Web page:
Limitations and Exceptions: The sampling methodology for Enterprise Surveys is stratified random sampling. In a simple random sample, all members of the population have the same probability of being selected and no weighting of the observations is necessary. In a stratified random sample, all population units are grouped within homogeneous groups and simple random samples are selected within each group. This method allows computing estimates for each of the strata with a specified level of precision while population estimates can also be estimated by properly weighting individual observations. The sampling weights take care of the varying probabilities of selection across different strata. Under certain conditions, estimates' precision under stratified random sampling will be higher than under simple random sampling (lower standard errors may result from the estimation procedure). The strata for Enterprise Surveys are firm size, business sector, and geographic region within a country. Firm size levels are 5-19 (small), 20-99 (medium), and 100+ employees (large-sized firms). Since in most economies, the majority of firms are small and medium-sized, Enterprise Surveys oversample large firms since larger firms tend to be engines of job creation. Sector breakdown is usually manufacturing, retail, and other services. For larger economies, specific manufacturing sub-sectors are selected as additional strata on the basis of employment, value-added, and total number of establishments figures. Geographic regions within a country are selected based on which cities/regions collectively contain the majority of economic activity. Ideally the survey sample frame is derived from the universe of eligible firms obtained from the country’s statistical office. Sometimes the master list of firms is obtained from other government agencies such as tax or business licensing authorities. In some cases, the list of firms is obtained from business associations or marketing databases. In a few cases, the sample frame is created via block enumeration, where the World Bank “manually” constructs a list of eligible firms after 1) partitioning a country’s cities of major economic activity into clusters and blocks, 2) randomly selecting a subset of blocks which will then be enumerated. In surveys conducted since 2005-06, survey documentation which explains the source of the sample frame and any special circumstances encountered during survey fieldwork are included with the collected datasets. Obtaining panel data, i.e. interviews with the same firms across multiple years, is a priority in current Enterprise Surveys. When conducting a new Enterprise Survey in a country where data was previously collected, maximal effort is expended to re-interview as many firms (from the prior survey) as possible. For these panel firms, sampling weights can be adjusted to take into account the resulting altered probabilities of inclusion in the sample frame.

Original Source Notes: All surveys were administered using the Enterprise Surveys methodology as outlined in the Methodology page which can be found from www.enterprisesurveys.org.

Statistical Concept and Methodology: Firm-level surveys have been conducted since the 1990's by different units within the World Bank. Since 2005-06, most data collection efforts have been centralized within the Enterprise Analysis Unit. Surveys implemented by the Enterprise Analysis Unit follow the Global Methodology. Private contractors conduct the Enterprise Surveys on behalf of the World Bank. Due to sensitive survey questions addressing business-government relations and bribery-related topics, private contractors, rather than any government agency or an organization/institution associated with government, are hired by the World Bank to collect the data. Confidentiality of the survey respondents and the sensitive information they provide is necessary to ensure the greatest degree of survey participation, integrity and confidence in the quality of the data. Surveys are usually carried out in cooperation with business organizations and government agencies promoting job creation and economic growth, but confidentiality is never compromised. The Enterprise Survey is answered by business owners and top managers. Sometimes the survey respondent calls company accountants and human resource managers into the interview to answer questions in the sales and labor sections of the survey. Typically 1200-1800 interviews are conducted in larger economies, 360 interviews are conducted in medium-sized economies, and for smaller economies, 150 interviews take place. The manufacturing and services sectors are the primary business sectors of interest. This corresponds to firms classified with ISIC codes 15-37, 45, 50-52, 55, 60-64, and 72 (ISIC Rev.3.1). Formal (registered) companies with 5 or more employees are targeted for interview. Services firms include construction, retail, wholesale, hotels, restaurants, transport, storage, communications, and IT. Firms with 100% government/state ownership are not eligible to participate in an Enterprise Survey. Occasionally, for a few surveyed countries, other sectors are included in the companies surveyed such as education or health-related businesses. In each country, businesses in the cities/regions of major economic activity are interviewed. In some countries, other surveys, which depart from the usual Enterprise Survey methodology, are conducted. Examples include 1) Informal Surveys- surveys of informal (unregistered) enterprises, 2) Micro Surveys- surveys fielded to registered firms with less than five employees, and 3) Financial Crisis Assessment Surveys- short surveys administered by telephone to assess the effects of the global financial crisis of 2008-09. The Enterprise Surveys Unit uses two instruments: the Manufacturing Questionnaire and the Services Questionnaire. Although many questions overlap, some are only applicable to one type of business. For example, retail firms are not asked about production and nonproduction workers. The standard Enterprise Survey topics include firm characteristics, gender participation, access to finance, annual sales, costs of inputs/labor, workforce composition, bribery, licensing, infrastructure, trade, crime, competition, capacity utilization, land and permits, taxation, informality, business-government relations, innovation and technology, and performance measures. Over 90% of the questions objectively ascertain characteristics of a country’s business environment. The remaining questions assess the survey respondents’ opinions on what are the obstacles to firm growth and performance. The mode of data collection is face-to-face interviews.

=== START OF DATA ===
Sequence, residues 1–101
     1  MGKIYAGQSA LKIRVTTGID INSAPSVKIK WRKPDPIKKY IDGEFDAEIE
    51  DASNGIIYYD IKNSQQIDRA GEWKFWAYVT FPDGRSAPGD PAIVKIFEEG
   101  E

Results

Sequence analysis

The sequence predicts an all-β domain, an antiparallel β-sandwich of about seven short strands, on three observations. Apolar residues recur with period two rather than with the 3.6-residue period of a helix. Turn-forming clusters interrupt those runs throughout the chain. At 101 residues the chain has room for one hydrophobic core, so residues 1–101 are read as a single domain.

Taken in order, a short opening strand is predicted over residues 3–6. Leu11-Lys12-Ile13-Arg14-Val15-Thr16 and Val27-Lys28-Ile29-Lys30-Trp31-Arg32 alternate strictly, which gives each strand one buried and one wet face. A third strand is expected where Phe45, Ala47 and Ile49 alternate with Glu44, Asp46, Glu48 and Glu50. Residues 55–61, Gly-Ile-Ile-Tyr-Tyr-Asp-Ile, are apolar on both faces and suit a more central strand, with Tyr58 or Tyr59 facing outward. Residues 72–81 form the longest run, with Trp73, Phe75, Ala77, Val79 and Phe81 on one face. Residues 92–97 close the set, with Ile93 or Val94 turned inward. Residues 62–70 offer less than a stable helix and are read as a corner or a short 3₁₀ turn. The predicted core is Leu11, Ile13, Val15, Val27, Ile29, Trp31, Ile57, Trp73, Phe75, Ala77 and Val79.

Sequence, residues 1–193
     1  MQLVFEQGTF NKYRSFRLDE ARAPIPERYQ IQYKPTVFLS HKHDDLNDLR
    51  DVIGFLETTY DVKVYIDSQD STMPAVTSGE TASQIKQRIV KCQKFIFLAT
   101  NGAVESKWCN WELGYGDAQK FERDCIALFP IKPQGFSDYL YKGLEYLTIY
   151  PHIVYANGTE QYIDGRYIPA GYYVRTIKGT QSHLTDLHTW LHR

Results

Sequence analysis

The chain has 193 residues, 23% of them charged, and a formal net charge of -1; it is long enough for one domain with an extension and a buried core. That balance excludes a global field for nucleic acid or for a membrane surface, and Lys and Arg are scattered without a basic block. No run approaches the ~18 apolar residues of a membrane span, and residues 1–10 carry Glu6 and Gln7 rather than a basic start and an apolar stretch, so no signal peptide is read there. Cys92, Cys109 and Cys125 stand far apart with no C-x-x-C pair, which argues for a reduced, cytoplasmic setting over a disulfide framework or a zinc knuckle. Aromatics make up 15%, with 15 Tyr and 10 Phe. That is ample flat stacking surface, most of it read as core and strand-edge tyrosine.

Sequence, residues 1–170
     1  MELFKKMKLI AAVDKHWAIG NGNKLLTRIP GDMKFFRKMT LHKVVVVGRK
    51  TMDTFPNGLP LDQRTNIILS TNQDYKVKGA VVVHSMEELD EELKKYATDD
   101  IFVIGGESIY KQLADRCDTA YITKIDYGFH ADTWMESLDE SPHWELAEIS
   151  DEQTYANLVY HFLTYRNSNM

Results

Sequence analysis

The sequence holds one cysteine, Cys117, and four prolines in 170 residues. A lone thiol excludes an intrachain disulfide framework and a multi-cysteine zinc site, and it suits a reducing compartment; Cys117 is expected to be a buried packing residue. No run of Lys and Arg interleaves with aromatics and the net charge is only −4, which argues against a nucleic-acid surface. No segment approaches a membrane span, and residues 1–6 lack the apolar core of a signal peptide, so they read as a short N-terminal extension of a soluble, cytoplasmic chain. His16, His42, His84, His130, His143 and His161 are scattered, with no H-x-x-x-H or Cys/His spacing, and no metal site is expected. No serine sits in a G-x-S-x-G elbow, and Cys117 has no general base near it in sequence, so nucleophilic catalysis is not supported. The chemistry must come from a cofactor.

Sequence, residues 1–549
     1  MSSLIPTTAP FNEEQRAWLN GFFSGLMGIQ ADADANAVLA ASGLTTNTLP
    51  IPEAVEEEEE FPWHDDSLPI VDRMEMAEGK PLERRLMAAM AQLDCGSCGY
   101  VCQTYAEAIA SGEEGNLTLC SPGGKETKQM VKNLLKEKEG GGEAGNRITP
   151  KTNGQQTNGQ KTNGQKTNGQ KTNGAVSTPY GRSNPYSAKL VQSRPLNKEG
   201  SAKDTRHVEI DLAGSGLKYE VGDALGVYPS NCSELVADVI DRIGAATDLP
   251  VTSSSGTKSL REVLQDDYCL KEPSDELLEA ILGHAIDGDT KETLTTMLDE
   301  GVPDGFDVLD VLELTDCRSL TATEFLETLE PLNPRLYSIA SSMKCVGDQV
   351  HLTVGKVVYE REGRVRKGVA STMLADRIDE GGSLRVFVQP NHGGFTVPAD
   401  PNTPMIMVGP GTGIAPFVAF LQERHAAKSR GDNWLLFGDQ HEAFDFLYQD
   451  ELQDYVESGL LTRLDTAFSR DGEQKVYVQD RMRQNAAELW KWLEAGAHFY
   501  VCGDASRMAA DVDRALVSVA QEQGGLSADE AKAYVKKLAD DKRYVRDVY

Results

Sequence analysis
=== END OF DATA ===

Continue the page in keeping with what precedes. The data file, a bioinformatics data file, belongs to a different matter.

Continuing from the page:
Aggregation method: Unweighted average

Periodicity: Annual